The Los Cabos Landscape Architecture, Urban Design, and Architecture Studio Visited and Presented at San José del Cabo
AN URBAN POSITION
Today’s urban environments confront increasingly complex social and ecological challenges in which overlapping, dynamic systems oftentime reveal competing priorities. As experienced in Texas, these challenges include: a population set to double by 2050; periods of prolonged drought and erratic weather; water intensive energy extraction; unsustainable development policies; inadequate infrastructure. These distinct, but interrelated variables require technical sophistication and ecological acumen in order to create sustainable landscapes that address social needs, provide ecosystem services, and enhance a sense of place.
By recognizing that these shifts shape our public spaces, the Graduate Program of Landscape Architecture frames these concerns as guiding factors in the design and construction of the urban landscape. In this manner, those spaces by which the landscape is defined – such as infrastructure systems, urban watersheds, industrial sites, suburban communities, and city fabric – become the laboratories for the program’s educational focus.
Working in conjunction with allied design disciplines represented within the school – including Architecture, Urban Design, Community and Regional Planning, Historic Preservation, and the Lady Bird Johnson Wildflower Center – the professional curriculum emphasizes interdisciplinary endeavors that serve the needs of the community, the state, and the society at large. The program’s pedagogy situates design as a process of inquiry, whereby the coordinated design curriculum introduces a set of representation, spatial, theoretical, and material practices by which to integrate the landscape’s structure, function, and change over time. The curriculum places an emphasis on design of the built environment including its social dimension, sensory experience, and ecological systems. Working from measure to agency, data to decision, the pedagogy positions design as a synthetic endeavor that evolves as much from context and speculation as it does from questions of technique, beauty, and delight.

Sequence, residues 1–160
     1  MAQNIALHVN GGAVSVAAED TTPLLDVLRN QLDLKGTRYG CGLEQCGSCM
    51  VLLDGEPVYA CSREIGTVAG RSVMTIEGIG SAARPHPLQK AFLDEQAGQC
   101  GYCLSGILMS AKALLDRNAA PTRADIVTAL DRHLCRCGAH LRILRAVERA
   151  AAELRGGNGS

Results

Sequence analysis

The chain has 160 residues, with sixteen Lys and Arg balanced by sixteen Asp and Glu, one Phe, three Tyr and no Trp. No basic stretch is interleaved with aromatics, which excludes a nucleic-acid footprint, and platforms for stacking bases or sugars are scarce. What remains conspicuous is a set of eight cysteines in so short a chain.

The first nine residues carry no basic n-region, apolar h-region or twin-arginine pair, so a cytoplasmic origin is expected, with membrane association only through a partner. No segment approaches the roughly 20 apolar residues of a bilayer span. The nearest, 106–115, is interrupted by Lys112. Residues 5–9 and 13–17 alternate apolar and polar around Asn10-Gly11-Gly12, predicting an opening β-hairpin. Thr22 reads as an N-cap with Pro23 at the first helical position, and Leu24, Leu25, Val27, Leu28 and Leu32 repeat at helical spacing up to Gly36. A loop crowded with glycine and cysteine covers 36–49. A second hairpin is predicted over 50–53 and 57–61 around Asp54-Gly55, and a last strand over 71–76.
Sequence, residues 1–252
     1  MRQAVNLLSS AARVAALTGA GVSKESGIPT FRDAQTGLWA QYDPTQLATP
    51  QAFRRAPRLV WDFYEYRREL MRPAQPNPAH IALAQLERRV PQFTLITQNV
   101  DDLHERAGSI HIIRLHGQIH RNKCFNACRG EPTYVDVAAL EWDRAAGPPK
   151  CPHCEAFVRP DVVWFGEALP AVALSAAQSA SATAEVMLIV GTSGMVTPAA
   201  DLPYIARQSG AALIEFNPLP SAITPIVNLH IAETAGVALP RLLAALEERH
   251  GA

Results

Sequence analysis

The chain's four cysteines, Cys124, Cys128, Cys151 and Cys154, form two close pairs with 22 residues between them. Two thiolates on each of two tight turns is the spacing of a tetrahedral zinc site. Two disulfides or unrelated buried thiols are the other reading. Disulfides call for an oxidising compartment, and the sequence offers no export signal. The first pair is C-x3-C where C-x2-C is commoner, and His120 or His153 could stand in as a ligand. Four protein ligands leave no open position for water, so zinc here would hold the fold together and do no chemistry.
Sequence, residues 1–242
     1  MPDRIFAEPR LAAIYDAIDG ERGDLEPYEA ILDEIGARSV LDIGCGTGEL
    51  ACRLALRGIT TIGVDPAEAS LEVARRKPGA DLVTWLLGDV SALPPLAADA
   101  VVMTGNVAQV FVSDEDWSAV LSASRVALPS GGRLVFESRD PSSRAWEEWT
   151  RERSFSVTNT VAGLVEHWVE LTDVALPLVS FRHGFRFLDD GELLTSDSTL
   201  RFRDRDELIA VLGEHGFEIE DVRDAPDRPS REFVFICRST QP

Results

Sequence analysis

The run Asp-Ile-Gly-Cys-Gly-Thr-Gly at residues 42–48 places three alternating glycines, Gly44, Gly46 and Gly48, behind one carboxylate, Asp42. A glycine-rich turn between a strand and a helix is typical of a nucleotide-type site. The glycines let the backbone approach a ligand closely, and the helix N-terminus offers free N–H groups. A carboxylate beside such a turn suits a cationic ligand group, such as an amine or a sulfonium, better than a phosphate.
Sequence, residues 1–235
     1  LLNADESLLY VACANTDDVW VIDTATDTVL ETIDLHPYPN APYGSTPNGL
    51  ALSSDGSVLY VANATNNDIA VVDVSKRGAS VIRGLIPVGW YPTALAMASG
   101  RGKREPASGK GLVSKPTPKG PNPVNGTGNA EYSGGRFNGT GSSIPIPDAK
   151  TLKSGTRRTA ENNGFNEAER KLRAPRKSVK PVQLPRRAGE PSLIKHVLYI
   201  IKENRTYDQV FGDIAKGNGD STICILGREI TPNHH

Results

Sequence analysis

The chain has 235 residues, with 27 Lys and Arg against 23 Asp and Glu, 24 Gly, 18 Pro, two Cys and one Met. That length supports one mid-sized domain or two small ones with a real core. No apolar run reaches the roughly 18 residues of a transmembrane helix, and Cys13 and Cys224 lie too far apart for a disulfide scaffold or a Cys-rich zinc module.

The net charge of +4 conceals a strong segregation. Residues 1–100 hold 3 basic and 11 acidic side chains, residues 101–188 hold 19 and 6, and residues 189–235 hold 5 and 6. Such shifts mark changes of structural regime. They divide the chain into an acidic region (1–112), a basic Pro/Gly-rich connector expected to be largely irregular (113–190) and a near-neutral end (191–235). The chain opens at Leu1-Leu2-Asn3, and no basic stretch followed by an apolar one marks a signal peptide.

Research and work advanced by the program’s students and faculty reflect the above aims. From urban streams to urban forests, parks to cemeteries, streetscapes to city blocks, historic landscapes to military training grounds, the endeavors seek to integrate aesthetics (what a landscape looks like) with performance (what a landscape does).
We hope that you join us,
Jason Sowell, Director + Associate Professor